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ERIC Number: ED439807
Record Type: Non-Journal
Publication Date: 2000-Mar
Pages: 22
Abstractor: N/A
Reference Count: N/A
ISBN: N/A
ISSN: N/A
Studying links between the Timing of Puberty and Psychological Individuation.
Weichold, Karina; Silbereisen, Rainer K.; Schmitt-Rodermund, Eva
Individuation is the process whereby adolescents gradually gain autonomy from their parents while maintaining emotional relatedness, accompanied by a transformation of the parent-child relationship. In everyday parent-child interactions, higher levels of individuation are displayed by characteristic styles of verbal exchanges, such as flexible insisting on one's own opinion in spite of parental opposition, or challenging parent's opinion by asking questions. This study tested the hypothesis that early maturing girls show higher levels of individuation during conflict discussions with their mothers in comparison to same-aged females who are on-time or late maturing. Moreover, it was expected that their mothers would respond in a way that accepts the more grown-up role of the daughter. A sample of 33 female adolescents, ages 9-13, in a middle sized city in a central federal state of Germany, was studied. Their physical maturation, as assessed by the Pubertal Development Scale (Petersen et al., 1988) and validated by testosterone levels, resulted in groups of early, on-time, and late maturers. Mothers and daughters were videotaped during a conflict discussion concerning an everyday problematic issue of their own choosing. The tapes were evaluated by trained raters using a revised version of a Macro-Coding Manual (Holmbeck et al., 1995). The results of separate one-way ANOVAs for adolescent's and mother's responses revealed that early maturers displayed more engagement (i.e., shows initiative, cares for the flow of interchange and solicits input from the other) toward their mothers than on-time maturers. The mothers of the early maturers were less engaging and less open, recommended problem solutions less often, and had less power (i.e., convince the daughter to agree with their own position). This pattern was deemed as indicating higher individuation among the early maturers. Interestingly, late maturers revealed the same conversational behavior as their early maturing age mates but their mothers were more engaging and open, recommended solutions more often, and were more powerful than the mothers of the early maturers. Thus, not only the mother's behavior but the entire interaction pattern is differently structured. Whereas mothers of the early maturing girls seem to accept their daughters' growing individuation in reducing control and influence, late maturers presumably try to show more mature behavior, as a compensation for less advanced physical development, but fail to gain their mothers' acceptance. (Contains 44 references.) (HTH)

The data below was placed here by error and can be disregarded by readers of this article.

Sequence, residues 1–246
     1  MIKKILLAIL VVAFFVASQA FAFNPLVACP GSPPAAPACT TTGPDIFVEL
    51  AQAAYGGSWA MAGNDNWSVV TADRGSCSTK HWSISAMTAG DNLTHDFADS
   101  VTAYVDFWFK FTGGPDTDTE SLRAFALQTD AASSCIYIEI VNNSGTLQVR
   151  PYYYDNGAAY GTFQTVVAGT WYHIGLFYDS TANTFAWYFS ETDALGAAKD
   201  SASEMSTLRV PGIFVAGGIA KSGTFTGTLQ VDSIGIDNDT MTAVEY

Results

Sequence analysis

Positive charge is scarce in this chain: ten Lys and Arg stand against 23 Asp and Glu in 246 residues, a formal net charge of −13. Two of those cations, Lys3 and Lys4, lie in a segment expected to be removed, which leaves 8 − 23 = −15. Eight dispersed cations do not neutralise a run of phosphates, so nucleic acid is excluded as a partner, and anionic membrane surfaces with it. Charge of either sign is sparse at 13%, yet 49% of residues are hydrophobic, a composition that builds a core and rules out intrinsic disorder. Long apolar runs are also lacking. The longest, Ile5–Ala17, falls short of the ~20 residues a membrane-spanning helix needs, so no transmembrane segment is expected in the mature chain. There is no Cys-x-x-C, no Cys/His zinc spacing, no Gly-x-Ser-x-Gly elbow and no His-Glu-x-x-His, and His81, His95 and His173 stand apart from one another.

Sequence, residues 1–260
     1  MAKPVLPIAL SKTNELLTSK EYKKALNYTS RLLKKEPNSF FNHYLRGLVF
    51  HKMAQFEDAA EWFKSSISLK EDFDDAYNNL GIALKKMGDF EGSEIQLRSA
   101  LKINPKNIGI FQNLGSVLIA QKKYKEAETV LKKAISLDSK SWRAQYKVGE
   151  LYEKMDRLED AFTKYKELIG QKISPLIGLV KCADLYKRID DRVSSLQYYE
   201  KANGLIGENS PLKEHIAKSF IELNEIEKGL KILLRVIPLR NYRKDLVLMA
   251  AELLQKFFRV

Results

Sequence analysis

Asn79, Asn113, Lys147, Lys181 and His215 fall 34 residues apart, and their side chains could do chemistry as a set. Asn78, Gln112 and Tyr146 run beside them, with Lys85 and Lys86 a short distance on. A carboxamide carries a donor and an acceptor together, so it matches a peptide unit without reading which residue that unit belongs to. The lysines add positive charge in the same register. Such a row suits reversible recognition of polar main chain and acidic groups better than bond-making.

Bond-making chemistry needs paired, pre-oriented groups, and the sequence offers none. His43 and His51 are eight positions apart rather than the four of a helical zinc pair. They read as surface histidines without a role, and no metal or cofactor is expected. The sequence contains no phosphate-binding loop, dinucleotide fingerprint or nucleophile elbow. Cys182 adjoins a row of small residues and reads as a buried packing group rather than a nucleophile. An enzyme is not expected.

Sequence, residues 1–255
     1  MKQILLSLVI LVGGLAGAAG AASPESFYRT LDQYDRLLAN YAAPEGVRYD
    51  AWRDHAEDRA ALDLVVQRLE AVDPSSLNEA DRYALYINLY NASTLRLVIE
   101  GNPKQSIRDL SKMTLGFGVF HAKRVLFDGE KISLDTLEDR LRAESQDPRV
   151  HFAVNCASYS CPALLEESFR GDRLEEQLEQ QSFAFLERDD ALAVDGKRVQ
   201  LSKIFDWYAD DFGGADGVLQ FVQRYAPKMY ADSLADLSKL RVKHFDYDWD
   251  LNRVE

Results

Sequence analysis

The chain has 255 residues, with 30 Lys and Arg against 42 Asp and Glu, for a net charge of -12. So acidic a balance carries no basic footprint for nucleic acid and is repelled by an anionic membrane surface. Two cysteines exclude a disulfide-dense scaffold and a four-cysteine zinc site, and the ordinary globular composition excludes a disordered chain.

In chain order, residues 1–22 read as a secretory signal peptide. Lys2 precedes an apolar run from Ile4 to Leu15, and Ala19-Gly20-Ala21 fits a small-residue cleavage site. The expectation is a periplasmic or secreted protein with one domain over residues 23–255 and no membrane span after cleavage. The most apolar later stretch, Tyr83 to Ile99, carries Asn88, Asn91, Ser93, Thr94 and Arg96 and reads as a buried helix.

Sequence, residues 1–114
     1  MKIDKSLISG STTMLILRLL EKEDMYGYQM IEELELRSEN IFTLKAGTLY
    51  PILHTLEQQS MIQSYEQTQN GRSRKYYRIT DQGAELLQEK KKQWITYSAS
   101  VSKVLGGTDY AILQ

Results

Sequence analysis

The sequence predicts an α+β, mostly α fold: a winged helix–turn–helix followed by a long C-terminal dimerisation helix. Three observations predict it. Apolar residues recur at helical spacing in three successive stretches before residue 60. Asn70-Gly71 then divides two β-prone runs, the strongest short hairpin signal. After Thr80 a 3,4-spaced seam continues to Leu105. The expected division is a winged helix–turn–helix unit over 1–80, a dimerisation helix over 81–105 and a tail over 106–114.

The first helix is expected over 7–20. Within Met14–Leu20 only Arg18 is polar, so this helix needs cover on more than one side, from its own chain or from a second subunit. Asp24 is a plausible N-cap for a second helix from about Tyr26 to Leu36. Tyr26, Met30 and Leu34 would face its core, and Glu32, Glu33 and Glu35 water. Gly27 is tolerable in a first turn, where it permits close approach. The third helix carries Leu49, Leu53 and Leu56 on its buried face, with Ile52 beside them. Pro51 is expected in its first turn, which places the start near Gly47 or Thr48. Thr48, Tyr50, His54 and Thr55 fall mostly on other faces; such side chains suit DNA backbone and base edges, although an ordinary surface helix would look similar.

Publication Type: Reports - Research; Speeches/Meeting Papers
Education Level: N/A
Audience: N/A
Language: English
Sponsor: N/A
Authoring Institution: N/A
Identifiers - Location: Germany